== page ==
“By the mid-fifteenth century crimes subject to the death penalty … included the following: rebellion, fraud, bigamy, incest, arson, theft, adultery, carrying off a woman against her will, blasphemy, moving signs of property boundaries, attacking someone, high treason, child murder, using dishonest weights and measures, murder, counterfeiting, rape, attempted suicide, striking someone to death, converting to Judaism, treason, having sex with animals, and sorcery.”
That’s quite a list. It comes from pp. 4-5 of Richard Marius’s Martin Luther: The Christian between God and Death (Harvard University Press, 1999). And note the threat of the death penalty for attempted suicide: hmmm ….
The list is in striking contrast to mid-20th century data about the United States, by which time the death penalty was applied almost exclusively to murderers and even then to fewer and fewer of them. Here is Justice William Brennan commenting in the landmark Supreme Court case, Furman v. Georgia from 1972:
“There has been a steady decline in the infliction of this punishment in every decade since the 1930’s, the earliest period for which accurate statistics are available. In the 1930’s, executions averaged 167 per year; in the 1940’s, the average was 128; in the 1950’s, it was 72; and in the years 1960-1962, it was 48. There have been a total of 46 executions since then, 36 of them in 1963-1964. Yet our population and the number of capital crimes committed have increased greatly over the past four decades. The contemporary rarity of the infliction of this punishment is thus the end result of a long-continued decline. That rarity is plainly revealed by an examination of the years 1961-1970, the last 10-year period for which statistics are available. During that time, an average of 106 death sentences was imposed each year. …”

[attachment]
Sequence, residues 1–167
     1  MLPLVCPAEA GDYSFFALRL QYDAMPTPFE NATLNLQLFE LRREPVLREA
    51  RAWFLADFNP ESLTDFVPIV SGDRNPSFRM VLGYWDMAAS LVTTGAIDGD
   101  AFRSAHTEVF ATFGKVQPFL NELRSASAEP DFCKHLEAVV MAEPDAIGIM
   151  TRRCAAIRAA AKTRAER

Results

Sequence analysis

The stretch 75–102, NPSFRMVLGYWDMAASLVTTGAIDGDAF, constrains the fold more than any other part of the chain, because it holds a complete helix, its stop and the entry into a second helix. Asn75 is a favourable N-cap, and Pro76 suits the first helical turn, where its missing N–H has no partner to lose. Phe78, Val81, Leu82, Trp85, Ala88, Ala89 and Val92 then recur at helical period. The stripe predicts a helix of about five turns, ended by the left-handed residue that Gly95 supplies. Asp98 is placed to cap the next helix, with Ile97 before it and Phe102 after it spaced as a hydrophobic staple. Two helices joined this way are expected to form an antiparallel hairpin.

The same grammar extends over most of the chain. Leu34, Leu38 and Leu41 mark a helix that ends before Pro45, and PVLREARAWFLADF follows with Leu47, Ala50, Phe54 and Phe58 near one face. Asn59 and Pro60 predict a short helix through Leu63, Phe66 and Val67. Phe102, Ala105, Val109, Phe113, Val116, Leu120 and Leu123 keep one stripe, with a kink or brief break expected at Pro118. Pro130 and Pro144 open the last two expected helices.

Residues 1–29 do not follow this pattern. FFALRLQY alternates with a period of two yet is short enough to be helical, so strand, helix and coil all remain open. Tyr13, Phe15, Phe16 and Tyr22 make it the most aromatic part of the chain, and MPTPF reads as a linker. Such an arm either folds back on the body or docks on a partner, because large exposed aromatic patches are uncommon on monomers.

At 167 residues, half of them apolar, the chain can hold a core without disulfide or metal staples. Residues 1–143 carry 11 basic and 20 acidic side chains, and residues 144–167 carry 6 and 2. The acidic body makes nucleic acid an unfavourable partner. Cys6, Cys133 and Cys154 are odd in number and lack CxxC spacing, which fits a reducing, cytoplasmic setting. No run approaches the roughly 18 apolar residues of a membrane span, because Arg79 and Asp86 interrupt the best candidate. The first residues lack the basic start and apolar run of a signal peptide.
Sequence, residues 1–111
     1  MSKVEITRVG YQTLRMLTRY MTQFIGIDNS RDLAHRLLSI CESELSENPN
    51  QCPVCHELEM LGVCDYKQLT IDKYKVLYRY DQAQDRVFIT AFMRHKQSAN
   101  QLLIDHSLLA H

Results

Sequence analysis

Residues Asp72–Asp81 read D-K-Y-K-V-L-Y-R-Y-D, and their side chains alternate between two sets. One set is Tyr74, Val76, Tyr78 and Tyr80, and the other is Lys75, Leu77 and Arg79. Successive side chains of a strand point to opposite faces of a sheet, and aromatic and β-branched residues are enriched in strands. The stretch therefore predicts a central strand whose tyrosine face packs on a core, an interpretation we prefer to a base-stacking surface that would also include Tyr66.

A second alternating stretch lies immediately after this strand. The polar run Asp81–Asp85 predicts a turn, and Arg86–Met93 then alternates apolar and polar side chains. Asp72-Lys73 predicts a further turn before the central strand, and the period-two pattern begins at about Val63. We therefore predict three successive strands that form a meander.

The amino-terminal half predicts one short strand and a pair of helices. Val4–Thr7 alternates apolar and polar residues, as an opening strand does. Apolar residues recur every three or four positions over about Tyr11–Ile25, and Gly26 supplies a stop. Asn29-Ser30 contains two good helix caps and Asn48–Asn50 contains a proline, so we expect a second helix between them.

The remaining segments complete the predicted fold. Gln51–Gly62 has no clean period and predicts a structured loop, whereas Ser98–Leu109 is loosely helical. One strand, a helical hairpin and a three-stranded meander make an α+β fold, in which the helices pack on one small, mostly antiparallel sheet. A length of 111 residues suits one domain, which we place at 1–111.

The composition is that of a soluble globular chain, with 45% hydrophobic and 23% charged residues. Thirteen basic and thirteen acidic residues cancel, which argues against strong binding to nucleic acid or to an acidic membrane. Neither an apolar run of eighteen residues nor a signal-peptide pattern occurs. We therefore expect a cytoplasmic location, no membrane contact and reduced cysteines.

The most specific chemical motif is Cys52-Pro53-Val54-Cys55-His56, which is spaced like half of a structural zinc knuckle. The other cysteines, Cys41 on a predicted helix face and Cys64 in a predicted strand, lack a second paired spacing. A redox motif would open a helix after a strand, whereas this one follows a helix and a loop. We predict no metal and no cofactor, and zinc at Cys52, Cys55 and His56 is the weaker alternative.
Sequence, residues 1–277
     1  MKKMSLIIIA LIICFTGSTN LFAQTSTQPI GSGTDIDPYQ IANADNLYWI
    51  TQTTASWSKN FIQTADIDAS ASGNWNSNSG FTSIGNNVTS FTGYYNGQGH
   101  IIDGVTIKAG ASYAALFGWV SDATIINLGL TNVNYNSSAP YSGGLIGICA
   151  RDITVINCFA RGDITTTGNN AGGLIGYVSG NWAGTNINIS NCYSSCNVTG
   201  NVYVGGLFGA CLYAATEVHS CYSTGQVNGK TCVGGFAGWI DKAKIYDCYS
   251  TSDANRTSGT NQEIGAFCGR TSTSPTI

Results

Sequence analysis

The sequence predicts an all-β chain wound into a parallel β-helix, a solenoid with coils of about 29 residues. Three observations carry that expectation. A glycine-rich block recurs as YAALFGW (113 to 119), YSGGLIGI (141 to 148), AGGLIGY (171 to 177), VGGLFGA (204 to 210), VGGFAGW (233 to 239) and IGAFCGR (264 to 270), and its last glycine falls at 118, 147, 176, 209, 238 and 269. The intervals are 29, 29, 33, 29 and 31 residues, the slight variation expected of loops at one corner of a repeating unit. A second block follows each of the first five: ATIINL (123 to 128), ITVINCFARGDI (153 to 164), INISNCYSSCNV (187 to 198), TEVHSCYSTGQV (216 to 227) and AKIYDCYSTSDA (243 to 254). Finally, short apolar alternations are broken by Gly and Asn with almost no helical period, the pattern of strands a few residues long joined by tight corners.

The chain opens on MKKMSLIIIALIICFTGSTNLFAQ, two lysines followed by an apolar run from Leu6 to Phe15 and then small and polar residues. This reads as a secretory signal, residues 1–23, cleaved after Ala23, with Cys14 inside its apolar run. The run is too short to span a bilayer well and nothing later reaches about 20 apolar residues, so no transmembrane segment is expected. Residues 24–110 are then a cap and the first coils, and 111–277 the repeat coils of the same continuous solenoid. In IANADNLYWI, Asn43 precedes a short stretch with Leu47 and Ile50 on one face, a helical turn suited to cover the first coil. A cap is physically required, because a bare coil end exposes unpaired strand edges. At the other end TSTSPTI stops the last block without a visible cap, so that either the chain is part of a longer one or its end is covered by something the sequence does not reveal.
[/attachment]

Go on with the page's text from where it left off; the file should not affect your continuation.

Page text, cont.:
(All of which seems a healthy development — except for that part about letting sorcerers off the hook.)